We note that the absorbed dose per PSI crystal for a single 70 fs shot is significantly larger (about 405 MGy) than the recommended safe dose limit of 30 MGy for cryo-cooled protein crystals at a third-generation light source (Owen et al., 2006 ). The initial analysis of the PSI nanocrystal diffraction data described recently by Chapman et al. (2011 ) demonstrates an apparent lack of radiation damage to a detector-limited resolution of 0.9 nm when using 70 fs pulses or shorter, despite the subsequent destruction of the nanocrystals by the photoelectron cascade following termination of the XFEL pulse (Chapman et al., 2006 ).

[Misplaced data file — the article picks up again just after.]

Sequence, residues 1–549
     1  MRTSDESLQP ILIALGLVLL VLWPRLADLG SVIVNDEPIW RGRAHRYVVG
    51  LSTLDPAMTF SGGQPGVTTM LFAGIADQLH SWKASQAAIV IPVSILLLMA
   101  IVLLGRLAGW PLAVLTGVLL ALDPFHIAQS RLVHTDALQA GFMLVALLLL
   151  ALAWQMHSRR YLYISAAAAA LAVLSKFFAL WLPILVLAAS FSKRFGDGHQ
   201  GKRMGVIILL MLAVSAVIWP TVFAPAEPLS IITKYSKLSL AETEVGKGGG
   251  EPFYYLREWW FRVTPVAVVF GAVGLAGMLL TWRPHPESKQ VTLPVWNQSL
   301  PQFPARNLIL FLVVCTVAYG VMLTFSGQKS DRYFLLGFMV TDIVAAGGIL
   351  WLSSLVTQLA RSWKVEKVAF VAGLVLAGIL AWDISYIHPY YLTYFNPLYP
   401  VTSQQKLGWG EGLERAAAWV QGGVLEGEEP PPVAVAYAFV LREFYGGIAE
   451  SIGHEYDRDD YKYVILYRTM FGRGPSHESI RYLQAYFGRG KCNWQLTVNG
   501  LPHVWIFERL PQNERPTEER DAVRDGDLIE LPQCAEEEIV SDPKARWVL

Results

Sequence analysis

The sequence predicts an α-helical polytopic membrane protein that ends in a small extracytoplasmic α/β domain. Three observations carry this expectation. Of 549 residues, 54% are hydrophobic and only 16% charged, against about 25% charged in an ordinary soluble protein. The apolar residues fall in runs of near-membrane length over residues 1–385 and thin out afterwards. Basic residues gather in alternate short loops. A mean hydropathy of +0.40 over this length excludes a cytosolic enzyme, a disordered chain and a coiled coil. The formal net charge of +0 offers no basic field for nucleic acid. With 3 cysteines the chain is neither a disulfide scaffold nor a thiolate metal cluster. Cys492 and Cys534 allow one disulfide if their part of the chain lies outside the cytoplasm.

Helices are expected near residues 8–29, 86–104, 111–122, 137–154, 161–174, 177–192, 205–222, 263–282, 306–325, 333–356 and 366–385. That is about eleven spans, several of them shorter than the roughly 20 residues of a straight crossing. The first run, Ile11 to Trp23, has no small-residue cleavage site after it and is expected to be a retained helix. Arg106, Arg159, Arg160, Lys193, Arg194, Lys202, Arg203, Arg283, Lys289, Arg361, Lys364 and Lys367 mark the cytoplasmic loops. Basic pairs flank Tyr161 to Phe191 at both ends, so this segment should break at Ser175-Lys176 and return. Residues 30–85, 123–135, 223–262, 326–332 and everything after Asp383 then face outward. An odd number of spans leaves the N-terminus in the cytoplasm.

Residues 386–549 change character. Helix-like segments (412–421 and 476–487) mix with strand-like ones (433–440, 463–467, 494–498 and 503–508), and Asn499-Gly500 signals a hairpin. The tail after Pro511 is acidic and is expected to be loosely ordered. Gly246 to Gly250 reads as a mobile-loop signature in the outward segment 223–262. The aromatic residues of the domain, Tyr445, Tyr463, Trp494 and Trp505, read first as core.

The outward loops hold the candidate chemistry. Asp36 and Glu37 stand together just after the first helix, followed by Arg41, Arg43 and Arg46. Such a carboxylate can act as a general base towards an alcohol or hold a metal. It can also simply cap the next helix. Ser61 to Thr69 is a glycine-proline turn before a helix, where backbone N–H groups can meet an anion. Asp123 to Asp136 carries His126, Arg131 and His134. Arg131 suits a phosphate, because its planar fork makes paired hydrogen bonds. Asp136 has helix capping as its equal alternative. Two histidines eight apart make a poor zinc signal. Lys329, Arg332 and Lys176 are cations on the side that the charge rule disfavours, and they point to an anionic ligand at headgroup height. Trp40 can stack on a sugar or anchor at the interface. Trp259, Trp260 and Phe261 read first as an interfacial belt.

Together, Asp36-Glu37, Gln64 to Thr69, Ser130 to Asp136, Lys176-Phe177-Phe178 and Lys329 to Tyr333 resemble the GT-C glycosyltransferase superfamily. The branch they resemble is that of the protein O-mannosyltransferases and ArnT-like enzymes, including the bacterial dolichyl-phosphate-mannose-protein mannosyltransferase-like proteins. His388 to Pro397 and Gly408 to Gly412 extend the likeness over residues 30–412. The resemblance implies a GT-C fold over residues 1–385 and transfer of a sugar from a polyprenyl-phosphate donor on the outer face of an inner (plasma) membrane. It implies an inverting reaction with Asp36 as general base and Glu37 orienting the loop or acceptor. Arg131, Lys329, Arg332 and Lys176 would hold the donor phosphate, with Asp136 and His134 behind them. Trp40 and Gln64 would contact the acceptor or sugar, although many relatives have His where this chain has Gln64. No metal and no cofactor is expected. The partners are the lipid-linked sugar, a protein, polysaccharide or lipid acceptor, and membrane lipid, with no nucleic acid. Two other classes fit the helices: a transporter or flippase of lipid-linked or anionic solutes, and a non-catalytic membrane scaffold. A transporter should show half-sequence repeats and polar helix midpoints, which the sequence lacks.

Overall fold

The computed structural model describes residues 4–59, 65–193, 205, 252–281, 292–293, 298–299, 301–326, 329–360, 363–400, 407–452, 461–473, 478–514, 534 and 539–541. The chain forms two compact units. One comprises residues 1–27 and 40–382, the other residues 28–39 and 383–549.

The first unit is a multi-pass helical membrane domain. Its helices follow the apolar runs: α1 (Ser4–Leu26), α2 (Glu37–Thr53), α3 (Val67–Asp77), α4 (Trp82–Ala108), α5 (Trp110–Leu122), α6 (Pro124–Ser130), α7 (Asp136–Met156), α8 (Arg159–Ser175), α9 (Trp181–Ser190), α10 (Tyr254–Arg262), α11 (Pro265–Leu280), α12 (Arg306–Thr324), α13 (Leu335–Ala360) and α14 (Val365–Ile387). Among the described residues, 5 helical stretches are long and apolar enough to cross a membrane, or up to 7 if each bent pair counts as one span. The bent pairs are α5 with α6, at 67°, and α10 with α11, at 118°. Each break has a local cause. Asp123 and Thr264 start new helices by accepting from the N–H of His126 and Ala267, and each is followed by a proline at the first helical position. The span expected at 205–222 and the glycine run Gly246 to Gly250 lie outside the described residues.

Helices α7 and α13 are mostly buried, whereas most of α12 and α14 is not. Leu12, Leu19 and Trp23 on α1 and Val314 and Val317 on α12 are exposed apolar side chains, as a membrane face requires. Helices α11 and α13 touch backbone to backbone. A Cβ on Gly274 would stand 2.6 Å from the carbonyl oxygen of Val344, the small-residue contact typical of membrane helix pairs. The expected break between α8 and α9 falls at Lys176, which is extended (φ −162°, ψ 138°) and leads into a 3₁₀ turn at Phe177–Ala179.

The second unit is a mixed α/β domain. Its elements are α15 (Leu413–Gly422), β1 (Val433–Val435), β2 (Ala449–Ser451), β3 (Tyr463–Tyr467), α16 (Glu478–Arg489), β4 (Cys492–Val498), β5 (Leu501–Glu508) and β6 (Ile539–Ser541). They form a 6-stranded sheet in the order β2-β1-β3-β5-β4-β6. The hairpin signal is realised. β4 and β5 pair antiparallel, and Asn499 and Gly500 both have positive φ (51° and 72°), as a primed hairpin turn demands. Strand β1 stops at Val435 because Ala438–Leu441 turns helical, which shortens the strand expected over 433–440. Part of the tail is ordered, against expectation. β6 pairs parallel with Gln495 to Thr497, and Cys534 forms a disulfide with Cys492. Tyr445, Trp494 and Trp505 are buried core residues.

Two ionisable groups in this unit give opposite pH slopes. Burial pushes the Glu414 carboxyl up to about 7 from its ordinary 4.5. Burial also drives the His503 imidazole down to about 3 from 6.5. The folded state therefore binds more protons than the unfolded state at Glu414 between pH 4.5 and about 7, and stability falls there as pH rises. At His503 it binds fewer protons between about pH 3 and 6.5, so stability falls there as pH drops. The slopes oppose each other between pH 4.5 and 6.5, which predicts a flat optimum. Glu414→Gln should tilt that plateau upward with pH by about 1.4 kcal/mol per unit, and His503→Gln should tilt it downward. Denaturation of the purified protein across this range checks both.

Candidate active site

Data completeness is demonstrated in Fig. 7 , as a function of the number of patterns and δ. Completeness is measured in the P6322 space group since the two possible indexing orientations cannot be distinguished (see §3). For our highly symmetric space group (of the 70 082 total reflections, only 3328 are unique), the data set was complete using less than 10 000 patterns, depending on the δ value.
Fig. 8 shows a density map for PSI constructed using the program REFMAC. Rigid-body displacements were applied to the PSI structure 1JB0 in the PDB for best fit to the LCLS set of structure factors to obtain this map.